Van Halen and the brown M&M’s

Ezra Klein gives the rest of the story about that anecdote about rock stars’ wretched excess, in the process formulating what he calls the “Van Halen Principle”:

Right there on Page 40, in the “Munchies” section, nestled between “pretzels” and “twelve (12) Reese’s Peanut Butter Cups,” is a parenthetical alert so adamant you can’t miss it: “M&M’s,” the text reads, “(WARNING: ABSOLUTELY NO BROWN ONES).”

This is the famed rider to Van Halen’s 1982 concert contract. In a sentence fragment that would define rock-star excess forevermore, the band demanded a bowl of M&M’s with the brown ones laboriously excluded. It was such a ridiculous, over- the-top demand, such an extreme example of superstar narcissism, that the contract passed almost instantly into rock lore.

It also wasn’t true.

I don’t mean that the M&M language didn’t appear in the contract, which really did call for a bowl of M&M’s — “NO BROWN ONES.” But the color of the candy was entirely beside the point.

“Van Halen was the first to take 850 par lamp lights — huge lights — around the country,” explained singer David Lee Roth. “At the time, it was the biggest production ever.” Many venues weren’t ready for this. Worse, they didn’t read the contract explaining how to manage it. The band’s trucks would roll up to the concert site, and the delays, mistakes and costs would begin piling up.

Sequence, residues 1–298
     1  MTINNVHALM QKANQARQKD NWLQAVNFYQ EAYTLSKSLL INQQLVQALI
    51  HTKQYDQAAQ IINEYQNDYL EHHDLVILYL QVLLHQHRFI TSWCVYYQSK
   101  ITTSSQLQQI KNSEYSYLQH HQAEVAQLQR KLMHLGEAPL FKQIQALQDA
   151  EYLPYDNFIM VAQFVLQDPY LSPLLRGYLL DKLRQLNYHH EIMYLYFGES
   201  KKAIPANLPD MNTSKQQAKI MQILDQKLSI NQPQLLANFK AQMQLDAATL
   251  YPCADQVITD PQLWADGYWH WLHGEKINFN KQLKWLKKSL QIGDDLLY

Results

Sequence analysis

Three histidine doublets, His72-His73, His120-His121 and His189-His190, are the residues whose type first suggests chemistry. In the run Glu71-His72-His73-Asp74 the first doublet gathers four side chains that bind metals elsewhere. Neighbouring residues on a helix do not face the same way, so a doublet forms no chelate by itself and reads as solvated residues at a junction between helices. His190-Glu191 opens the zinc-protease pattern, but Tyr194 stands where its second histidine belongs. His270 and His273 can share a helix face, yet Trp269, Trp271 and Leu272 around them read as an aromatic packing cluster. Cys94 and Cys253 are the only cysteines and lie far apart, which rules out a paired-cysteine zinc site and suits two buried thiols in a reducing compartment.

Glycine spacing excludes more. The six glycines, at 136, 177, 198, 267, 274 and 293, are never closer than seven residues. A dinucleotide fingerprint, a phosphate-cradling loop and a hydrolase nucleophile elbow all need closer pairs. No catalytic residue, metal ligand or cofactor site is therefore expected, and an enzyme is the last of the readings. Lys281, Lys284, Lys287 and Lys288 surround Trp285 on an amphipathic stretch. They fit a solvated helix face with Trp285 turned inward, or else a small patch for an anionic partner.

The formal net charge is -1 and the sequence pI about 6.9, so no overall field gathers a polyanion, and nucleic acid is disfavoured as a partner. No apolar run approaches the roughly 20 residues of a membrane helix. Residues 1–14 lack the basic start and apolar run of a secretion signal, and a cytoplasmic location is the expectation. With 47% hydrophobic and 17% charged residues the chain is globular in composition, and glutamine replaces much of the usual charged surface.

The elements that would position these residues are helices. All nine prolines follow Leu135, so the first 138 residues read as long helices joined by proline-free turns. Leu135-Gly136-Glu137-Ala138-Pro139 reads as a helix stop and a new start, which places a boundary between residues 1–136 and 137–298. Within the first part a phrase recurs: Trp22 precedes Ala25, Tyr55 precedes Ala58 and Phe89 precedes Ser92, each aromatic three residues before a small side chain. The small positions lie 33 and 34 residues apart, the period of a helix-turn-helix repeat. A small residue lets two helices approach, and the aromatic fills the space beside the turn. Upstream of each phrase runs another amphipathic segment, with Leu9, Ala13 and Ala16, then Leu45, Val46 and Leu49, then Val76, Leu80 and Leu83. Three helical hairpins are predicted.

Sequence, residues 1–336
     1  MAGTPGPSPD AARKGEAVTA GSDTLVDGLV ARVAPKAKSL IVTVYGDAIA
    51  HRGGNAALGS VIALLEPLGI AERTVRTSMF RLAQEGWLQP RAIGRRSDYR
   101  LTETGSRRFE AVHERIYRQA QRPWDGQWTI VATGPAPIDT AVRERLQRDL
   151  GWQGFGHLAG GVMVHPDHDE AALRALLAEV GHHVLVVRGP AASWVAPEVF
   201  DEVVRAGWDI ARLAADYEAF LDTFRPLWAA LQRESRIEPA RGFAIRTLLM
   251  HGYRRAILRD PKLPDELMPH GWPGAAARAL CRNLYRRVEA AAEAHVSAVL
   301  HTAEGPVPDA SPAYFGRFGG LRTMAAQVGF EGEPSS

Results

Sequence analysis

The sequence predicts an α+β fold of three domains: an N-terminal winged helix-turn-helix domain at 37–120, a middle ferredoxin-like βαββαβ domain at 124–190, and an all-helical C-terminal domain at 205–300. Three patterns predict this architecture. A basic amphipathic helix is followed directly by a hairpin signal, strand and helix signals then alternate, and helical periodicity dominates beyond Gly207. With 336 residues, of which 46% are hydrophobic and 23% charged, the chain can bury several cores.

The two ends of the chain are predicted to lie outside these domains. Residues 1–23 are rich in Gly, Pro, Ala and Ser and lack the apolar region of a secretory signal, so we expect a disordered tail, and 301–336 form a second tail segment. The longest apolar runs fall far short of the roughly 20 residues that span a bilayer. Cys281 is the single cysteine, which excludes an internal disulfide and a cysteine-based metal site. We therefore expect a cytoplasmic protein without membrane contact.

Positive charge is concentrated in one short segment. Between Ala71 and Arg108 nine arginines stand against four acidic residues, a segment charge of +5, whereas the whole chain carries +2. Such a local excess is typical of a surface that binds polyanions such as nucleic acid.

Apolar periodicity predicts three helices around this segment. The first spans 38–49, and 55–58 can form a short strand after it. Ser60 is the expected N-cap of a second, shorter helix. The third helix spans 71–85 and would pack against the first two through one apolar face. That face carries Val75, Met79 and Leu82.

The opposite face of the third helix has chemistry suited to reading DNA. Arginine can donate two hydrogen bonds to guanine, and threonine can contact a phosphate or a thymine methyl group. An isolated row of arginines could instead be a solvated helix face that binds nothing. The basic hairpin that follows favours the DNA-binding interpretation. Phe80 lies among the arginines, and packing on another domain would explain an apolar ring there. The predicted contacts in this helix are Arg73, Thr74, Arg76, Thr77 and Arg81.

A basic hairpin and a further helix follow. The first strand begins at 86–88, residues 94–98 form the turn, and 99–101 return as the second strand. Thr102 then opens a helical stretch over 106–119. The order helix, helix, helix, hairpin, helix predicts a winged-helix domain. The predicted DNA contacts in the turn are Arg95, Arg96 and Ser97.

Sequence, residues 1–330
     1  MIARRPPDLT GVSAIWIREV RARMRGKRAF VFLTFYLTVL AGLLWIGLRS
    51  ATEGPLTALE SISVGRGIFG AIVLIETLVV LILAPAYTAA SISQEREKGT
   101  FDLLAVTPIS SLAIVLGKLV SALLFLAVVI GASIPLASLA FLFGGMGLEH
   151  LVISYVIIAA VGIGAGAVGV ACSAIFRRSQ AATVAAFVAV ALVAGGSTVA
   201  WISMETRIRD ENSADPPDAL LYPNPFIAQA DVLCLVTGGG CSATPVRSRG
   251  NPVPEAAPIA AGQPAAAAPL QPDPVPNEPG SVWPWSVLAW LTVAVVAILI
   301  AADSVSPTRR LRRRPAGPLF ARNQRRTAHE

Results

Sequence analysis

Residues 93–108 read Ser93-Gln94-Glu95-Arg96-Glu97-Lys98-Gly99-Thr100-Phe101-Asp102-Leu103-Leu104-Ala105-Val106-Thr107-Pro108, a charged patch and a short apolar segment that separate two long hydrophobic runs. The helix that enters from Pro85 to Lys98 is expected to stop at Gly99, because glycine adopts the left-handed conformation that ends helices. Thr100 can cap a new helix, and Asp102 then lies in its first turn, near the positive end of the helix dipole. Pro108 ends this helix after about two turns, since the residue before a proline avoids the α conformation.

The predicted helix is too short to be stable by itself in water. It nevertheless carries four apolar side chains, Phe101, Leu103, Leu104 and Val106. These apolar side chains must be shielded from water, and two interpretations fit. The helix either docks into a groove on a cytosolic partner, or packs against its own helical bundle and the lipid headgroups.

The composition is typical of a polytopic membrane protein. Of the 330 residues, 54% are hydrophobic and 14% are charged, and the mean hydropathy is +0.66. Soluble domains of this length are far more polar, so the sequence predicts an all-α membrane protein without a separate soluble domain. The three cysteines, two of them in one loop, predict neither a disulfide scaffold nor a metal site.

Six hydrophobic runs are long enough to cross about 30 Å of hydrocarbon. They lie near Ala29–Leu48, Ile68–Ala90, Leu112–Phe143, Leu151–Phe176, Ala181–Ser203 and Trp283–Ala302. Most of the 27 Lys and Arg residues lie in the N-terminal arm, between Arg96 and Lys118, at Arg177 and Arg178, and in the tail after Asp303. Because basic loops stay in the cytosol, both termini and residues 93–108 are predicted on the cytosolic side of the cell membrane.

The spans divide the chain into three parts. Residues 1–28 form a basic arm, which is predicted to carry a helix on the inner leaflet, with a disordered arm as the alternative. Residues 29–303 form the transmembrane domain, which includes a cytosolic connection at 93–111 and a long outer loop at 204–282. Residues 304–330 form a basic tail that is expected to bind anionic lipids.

So Van Halen established the M&M test. “If I came backstage and I saw brown M&M’s on the catering table, it guaranteed the promoter had not read the contract rider, and we had to do a serious line check,” Roth explained.

Call it the Van Halen Principle: Tales of someone doing something unbelievably stupid or selfish or irrational are often just stories you don’t yet understand. It’s a principle that often applies to Washington.

via How Van Halen explains Obamacare, salmon regulation and scientific grants.

Mr. Klein goes on to apply the Van Halen principle to seemingly ridiculous stories about Washington bureaucracy.

Though the principle may be valid, I still think Van Halen’s demand is wretched excess.  If it was just a test of whether the venue read the contract, why couldn’t the band just count the number of Reese’s Peanut Butter Cups?  And why would the caterers have anything to do with how to handle the lighting?

About Gene Veith

Professor of Literature at Patrick Henry College, the Director of the Cranach Institute at Concordia Theological Seminary, a columnist for World Magazine and TableTalk, and the author of 18 books on different facets of Christianity & Culture.


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